A commercial package of MOSFET is an assembly of parts bonded together by solder, adhesive, molding compound, and mechanical parts such as bolts and springs. In this study, two commercial packages TO247 mounted on a heat sink were used and modeled in simulation. Three major physical parts of MOSFET (a copper base plate, a silicon device and a plastic injected molded cover) were modeled to form a simple computational model of TO247 package. Because the heat transfer to the three terminals extending from the package was ignored, the terminals were not modeled. Figure 3.2b shows the physical parts of a commercial MOSFET.
The silicon device was assumed to have perfect contact with the compound molding cover. The soldered and thermal pad interfaces between various components were represented by equivalent thermal resistance values. These interfaces were the interface between the copper plate and the heat sink, and the soldered interface between the silicon device and the copper plate. Figure 3.3 illustrates the exploded view of the numerical model in I-DEAS.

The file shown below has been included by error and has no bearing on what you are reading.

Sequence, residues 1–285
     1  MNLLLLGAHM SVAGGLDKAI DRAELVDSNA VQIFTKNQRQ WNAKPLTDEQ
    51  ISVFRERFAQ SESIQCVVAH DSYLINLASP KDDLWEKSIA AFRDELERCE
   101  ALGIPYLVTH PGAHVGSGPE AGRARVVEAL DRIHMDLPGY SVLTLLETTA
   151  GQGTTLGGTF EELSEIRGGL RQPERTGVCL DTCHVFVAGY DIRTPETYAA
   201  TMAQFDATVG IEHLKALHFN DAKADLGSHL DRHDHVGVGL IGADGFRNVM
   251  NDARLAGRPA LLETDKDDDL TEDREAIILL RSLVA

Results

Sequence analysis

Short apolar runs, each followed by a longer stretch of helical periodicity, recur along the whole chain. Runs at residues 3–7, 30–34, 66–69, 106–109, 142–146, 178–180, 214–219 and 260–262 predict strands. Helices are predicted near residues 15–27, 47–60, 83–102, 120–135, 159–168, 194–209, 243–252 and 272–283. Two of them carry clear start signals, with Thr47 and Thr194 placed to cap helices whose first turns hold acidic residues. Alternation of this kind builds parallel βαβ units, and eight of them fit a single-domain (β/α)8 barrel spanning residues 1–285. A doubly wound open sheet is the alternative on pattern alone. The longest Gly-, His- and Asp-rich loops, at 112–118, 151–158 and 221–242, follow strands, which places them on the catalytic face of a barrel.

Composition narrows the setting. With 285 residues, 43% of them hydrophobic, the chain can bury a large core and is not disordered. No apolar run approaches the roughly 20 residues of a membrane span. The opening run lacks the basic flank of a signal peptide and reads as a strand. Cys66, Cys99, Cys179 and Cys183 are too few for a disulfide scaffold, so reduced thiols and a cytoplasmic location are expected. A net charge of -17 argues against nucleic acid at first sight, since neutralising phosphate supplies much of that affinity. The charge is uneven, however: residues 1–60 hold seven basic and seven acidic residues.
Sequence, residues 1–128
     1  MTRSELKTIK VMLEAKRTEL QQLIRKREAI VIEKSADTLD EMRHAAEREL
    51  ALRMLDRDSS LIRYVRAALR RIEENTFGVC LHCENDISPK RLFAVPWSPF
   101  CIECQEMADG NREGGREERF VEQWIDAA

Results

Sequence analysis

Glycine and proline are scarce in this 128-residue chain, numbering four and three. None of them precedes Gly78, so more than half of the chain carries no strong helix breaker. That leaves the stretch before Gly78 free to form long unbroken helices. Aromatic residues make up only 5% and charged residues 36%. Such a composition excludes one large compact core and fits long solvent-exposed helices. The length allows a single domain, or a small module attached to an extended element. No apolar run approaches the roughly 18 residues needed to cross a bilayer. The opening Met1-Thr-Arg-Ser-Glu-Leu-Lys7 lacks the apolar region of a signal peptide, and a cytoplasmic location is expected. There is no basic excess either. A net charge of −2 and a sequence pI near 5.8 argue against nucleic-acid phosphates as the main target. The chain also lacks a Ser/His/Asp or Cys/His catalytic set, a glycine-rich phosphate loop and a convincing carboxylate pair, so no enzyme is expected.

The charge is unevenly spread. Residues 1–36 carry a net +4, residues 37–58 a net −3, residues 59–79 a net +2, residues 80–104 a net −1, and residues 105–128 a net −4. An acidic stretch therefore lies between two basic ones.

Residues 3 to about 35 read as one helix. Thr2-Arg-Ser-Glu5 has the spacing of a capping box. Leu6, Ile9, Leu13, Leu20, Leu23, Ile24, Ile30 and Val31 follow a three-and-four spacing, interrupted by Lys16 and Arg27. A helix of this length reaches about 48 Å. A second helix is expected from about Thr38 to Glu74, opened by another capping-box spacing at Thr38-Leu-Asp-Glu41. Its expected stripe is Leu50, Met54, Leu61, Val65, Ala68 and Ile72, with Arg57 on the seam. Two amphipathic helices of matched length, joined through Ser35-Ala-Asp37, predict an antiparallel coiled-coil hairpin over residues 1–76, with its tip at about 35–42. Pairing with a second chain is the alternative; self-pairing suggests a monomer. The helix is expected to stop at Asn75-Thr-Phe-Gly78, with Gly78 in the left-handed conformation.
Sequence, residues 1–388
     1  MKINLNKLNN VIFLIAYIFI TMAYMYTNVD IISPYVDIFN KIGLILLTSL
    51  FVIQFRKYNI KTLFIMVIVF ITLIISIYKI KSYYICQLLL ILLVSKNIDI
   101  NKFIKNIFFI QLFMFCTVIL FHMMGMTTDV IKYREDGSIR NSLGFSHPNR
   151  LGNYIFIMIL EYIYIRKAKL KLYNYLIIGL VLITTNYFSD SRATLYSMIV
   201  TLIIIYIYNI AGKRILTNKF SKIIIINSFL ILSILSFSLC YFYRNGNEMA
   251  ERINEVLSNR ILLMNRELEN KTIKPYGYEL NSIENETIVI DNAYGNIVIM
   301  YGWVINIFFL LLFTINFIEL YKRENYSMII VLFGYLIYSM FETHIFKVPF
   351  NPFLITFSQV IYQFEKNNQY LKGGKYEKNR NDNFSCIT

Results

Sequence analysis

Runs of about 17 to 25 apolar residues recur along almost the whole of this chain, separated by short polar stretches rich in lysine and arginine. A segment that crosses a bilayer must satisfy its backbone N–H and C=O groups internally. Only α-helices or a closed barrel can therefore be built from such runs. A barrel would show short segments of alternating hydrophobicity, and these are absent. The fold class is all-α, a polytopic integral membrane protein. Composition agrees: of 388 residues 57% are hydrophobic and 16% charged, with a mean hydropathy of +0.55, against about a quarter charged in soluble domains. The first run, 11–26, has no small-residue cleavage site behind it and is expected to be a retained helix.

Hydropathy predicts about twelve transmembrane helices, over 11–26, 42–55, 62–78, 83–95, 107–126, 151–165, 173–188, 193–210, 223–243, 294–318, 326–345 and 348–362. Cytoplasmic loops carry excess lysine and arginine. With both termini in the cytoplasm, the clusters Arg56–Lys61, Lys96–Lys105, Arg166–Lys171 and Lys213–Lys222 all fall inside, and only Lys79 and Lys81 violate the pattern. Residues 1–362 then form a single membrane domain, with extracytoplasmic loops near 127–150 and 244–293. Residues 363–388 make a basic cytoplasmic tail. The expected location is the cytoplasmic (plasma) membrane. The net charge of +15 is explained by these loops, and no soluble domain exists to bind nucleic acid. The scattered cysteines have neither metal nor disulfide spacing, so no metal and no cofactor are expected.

A heat sink was used to increase the heat dissipation to the air. To provide airflow over the model, a flow channel was included in the simulation. Applying an inlet fan at one end of the channel, the other end of the channel was vented to an experimental measured ambient temperature of 23.5 C. The inlet fan provided a constant volumetric flow rate of 0.05 m3/s. With the fixed channel area, the outlet velocity was 2.22 m/s. Figure 3.4a shows the boundary conditions of the numerical model. The dimensions of the heat sink and the position of the MOSFETs on the heat sink are shown in Figure 3.4b (note that the dimensions are in the unit of millimeter).